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The Biggest Swindle

From Mick Piggott

Thursday, 14 June 2012

So 'we're' massively in debt. Well, I'm not, and maybe you aren't either. I don't owe a penny to anyone. But we're told the country is massively in debt. Even more so, we are told, is poor old Greece.

One of the causes of our national debt was having to bail out the banks. Where did the money come from to bail out the banks? Why, from the banks of course.

Public services are being cut to the bone and sold off to private enterprise to pay off 'our' debts. Yet the country has never been wealthier. We can't afford a fully-funded NHS? We could when the country was at its poorest, just after WW2. We can no longer afford proper social services, properly funded aged-person care, decent pensions at 60 or 65? We used to be able to. So where has all the money gone?

For a start, the wealthiest 1,000 people in this country have INCREASED their privately-owned wealth by an amount equal to the national debt since the bank crisis hit four years ago. If we had a government which was prepared to take back that EXTRA wealth, that the very rich have accumulated since the banking crisis allegedly plunged the whole country into debt, that national debt could be paid off - leaving the very rich as wealthy as they were before the crisis! And there would be no need any for cuts in any services whatsoever.

So this whole, manufactured financial crisis does not really exist! It is, in fact, a massive confidence trick perpetrated on the population. All the pain, all the suffering, is for nothing - except to make the rich even richer!

The Tories must understand very well what they are doing, unless they are very stupid. So must their collaborators in the Lib Dems. Unforgivably, the opposition seem happy to go along with the whole rotten fraud. By failing to challenge the confidence trick, the leadership of the Labour party effectively collaborate in the swindle.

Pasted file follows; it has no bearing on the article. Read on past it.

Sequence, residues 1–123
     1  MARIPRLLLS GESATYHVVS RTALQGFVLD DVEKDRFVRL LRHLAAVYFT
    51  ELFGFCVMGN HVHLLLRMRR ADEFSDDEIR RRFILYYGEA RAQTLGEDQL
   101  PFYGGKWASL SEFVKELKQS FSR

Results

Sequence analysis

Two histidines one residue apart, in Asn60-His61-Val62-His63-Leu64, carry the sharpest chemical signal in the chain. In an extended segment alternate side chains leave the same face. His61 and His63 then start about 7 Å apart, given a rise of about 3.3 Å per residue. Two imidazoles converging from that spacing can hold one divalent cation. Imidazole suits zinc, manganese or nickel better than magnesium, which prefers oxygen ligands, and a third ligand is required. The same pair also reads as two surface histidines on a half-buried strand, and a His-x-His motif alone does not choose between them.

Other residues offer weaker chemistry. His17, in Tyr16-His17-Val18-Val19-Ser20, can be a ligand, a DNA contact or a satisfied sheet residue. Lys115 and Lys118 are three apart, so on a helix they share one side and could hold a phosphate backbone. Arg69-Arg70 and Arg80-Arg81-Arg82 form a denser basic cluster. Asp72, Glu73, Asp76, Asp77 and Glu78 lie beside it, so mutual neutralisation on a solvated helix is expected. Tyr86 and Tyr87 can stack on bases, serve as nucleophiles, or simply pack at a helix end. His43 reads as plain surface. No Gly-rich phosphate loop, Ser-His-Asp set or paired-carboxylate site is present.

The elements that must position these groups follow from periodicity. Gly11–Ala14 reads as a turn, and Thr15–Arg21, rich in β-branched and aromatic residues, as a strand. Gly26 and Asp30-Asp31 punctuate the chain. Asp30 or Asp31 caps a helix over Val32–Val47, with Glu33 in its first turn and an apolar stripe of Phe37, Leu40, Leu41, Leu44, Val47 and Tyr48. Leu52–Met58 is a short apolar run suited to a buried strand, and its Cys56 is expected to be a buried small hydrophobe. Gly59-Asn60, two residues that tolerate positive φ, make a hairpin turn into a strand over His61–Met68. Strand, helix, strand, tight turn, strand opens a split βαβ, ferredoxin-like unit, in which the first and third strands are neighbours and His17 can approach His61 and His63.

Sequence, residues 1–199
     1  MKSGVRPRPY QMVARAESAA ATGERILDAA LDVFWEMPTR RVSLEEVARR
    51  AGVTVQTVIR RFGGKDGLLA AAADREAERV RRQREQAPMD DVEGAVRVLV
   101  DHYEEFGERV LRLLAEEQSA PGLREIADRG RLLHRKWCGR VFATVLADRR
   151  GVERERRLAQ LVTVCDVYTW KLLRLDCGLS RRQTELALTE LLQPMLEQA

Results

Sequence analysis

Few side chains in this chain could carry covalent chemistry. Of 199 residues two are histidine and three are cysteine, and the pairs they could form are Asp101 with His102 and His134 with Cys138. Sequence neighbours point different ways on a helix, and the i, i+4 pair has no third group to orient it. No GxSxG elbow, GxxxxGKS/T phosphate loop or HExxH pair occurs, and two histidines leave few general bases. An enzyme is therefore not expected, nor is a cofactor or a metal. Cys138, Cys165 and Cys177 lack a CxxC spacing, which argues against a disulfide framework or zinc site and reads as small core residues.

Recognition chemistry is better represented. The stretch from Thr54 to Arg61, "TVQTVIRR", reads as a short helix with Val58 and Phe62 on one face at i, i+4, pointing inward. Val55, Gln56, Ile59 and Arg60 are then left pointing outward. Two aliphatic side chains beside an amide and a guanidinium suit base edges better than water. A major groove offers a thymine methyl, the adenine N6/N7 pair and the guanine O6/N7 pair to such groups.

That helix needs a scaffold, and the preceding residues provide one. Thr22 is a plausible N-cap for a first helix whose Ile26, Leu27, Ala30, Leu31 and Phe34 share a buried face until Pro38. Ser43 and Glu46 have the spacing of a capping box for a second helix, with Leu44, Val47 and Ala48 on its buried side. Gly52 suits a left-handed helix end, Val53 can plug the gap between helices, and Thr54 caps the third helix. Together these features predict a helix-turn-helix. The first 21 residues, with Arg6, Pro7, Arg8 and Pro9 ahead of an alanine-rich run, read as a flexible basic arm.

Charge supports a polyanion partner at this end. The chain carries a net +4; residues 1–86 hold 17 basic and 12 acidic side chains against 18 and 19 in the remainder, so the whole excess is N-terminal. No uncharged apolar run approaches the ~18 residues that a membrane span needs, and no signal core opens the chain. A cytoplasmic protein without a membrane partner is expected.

Are there any answers? Of course. But our rulers don't want them out there - try getting the following opinions/solutions in the printed or broadcast media (I have). When the banks were in deep trouble, three and four years ago, they should have been allowed to collapse - the government could still have guaranteed savers' deposits, as they did anyway. The collapsed banks should then have been nationalised, without any compensation, and therefore without any cost to the taxpayer. The banks would now have been state-owned and controlled - by a democratically-elected government - and no false 'debts' would have been incurred.

What can a deeply-indebted country like Greece (and Spain, Italy, Ireland - there will inevitably be more) do about their 'debts'? They should default, leave the Eurozone, leave the EU, perhaps re-introduce the drachma. When Argentina, faced with a similar situation, did just that (not re-introduce the drachma!) in 2001/2, and disconnected their currency from the USA dollar, their economy, slowly at first, left their debt-crisis behind, went from strength to strength, and is thriving (comparatively) today. Other countries have done similarly.

What the majority of the population - the 99%, if you like - who are not extremely, incredibly, obscenely rich, need to appreciate, is that all the cuts, and the suffering, are unnecessary, and are based on the lies of the politicians, the bankers, the top bosses (60% remuneration increases, anybody?) - the whole corrupt ruling class, who are lying to us all, out of selfishness and greed. They want to impose hardship on us all just so that they can increase their already vast wealth even further.

What an insane system!

If you'd like to look at this in greater depth, google the Sturdy Blog, 'To Whom Do We Owe This Money, Exactly?' For a detailed account of the mechanisms set up by the banks that so destabilised the world's economies, read 'Whoops! Why everyone owes everyone and no one can pay' by John Lanchester. You can accuse me of being a communist if you like, but neither of these sources are remotely communistic. They do, however, help us cut through the stink of obfuscation that is deliberately heaped on our heads by the politicians.

From Mick Coughlan

Friday, 15 June 2012

At one time I would have ignored the original post as a mere conspiracy theory. I certainly would not have replied to it, but here I am.

I am currently reading a book by Naomi Klein called "Shock Doctrine". The author, using real life instances, ties together the process by which organisations such as the CIA use to prepare people they wish to "interview". They use shock, from early morning raids on their houses to actual electric shock and as we have seen more recently, tactics such as "waterboarding".